“Joyland” by Stephen King (Titan Books, 2013)


Stephen King, who needs no introduction, returns with a short novel in Joyland, published by Titan books as part of the Hard Case Crime series. But even though the book is under three hundred pages, King easily tells a full and fascinating story that fans and non-King readers will easily enjoy.

Devin Jones is spending the summer at Joyland, an amusement park on the sunny coast of South Carolina. Jones isn’t doing so well; not sure whether he wants to stay in college, plus it’s the early seventies and everything seems uncertain. And the other thing is the love of his live has just broken his heart and he kind of wants his world to end.

But then he starts working at Joyland, where they don’t just sell cotton candy and prizes and rides, but most importantly, they sell fun! He begins to learn the carny life, the carny talk, and the general running of the amusement park, doing a great job as well as being the best guy at “wearing the fur.” Joyland has its mighty Ferris wheel, reaching to the stars, the various carnies who have been working there for years and have their own interesting eccentricities, and the Horror House.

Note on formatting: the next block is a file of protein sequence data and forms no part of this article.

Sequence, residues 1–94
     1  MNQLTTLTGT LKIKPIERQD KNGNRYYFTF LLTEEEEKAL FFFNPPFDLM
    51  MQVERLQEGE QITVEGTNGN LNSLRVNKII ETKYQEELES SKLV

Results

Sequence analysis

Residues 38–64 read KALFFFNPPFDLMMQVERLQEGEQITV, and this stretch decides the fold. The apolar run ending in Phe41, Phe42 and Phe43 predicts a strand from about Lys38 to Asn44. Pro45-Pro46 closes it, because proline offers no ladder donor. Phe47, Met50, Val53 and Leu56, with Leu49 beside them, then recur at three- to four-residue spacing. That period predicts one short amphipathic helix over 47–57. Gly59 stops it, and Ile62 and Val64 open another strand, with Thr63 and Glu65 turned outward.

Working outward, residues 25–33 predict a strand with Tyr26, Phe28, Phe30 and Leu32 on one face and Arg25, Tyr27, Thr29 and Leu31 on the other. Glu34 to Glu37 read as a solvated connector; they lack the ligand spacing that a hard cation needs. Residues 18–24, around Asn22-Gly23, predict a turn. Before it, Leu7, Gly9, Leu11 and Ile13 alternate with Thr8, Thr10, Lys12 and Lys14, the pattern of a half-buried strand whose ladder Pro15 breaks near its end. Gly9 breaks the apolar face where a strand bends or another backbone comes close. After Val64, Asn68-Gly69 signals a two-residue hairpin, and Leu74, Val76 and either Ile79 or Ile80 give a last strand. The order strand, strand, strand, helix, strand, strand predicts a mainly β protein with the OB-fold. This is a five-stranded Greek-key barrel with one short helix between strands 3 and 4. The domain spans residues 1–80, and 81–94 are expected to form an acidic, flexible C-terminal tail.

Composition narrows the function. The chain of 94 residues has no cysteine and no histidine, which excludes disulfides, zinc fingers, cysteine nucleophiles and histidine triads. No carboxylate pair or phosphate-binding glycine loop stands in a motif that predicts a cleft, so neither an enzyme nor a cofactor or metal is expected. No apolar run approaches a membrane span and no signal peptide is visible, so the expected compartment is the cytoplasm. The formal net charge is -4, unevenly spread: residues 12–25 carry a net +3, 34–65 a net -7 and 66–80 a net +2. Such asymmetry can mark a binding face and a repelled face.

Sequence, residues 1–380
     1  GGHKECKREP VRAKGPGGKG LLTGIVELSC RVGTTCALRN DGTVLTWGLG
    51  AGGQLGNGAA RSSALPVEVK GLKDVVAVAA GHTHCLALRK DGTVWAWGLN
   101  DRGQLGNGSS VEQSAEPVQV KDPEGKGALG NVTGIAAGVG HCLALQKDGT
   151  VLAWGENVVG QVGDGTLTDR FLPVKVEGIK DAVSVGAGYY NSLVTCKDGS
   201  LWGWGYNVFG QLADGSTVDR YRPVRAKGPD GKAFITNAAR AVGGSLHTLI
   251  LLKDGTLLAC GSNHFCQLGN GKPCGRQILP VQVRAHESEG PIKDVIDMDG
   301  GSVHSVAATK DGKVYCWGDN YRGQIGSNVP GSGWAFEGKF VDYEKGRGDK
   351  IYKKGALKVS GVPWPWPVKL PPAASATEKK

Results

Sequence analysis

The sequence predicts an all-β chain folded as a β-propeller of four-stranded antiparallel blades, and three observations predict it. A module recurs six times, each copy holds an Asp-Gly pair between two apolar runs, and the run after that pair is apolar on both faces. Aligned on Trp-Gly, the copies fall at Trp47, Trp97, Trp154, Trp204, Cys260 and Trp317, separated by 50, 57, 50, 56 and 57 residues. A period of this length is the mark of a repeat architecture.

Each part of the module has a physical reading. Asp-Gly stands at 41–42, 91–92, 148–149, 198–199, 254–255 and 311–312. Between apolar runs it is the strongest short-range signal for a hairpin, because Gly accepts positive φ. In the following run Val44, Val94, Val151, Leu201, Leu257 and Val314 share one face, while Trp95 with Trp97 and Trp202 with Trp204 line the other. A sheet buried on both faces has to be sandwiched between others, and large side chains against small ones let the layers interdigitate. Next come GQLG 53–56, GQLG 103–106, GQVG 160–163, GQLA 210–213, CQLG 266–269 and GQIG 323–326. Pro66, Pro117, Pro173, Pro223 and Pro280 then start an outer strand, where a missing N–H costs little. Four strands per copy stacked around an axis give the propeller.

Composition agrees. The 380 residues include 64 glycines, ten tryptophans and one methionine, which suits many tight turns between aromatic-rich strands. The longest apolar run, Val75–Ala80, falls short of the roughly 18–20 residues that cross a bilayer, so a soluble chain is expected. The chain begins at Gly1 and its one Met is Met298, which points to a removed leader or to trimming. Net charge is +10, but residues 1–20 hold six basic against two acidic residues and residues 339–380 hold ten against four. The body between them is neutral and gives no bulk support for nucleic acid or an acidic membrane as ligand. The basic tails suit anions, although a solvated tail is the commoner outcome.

Every amusement park needs its one horror ride, and Horror House is it for Joyland, and this is the ride that has the dark story about it, because some years ago a girl was murdered on the ride, her throat slashed by her supposed boyfriend, her body dumped to the side of the track. She wasn’t found until the early hours of the morning by the cleanup crew; her murderer has never been found. It is said that Horror House is now haunted and sometimes when you’re on the ride, you might see the ghost of her body floating beside you in the car, that red slit throat looking like a wide smile.

Joyland shows how much of a better writer Stephen King has become over the last decade or so, as you have a thrilling horror tale at the heart of the story, but you also have a wonderful character in the teenager, Devin Jones, who has his whole life ahead of him, but feels it is over with his broken heart. Perhaps King was pulling on his own past experience to give this story life and reality that will move the reader, making Joyland stick with them long after they’ve finished the book.

Originally written on June 12, 2013 ©Alex C. Telander.

To purchase a copy of Joyland from Amazon, and help support BookBanter, click HERE.

You might also like . . .

11/22/63  Full Dark, No Stars  Under the Dome

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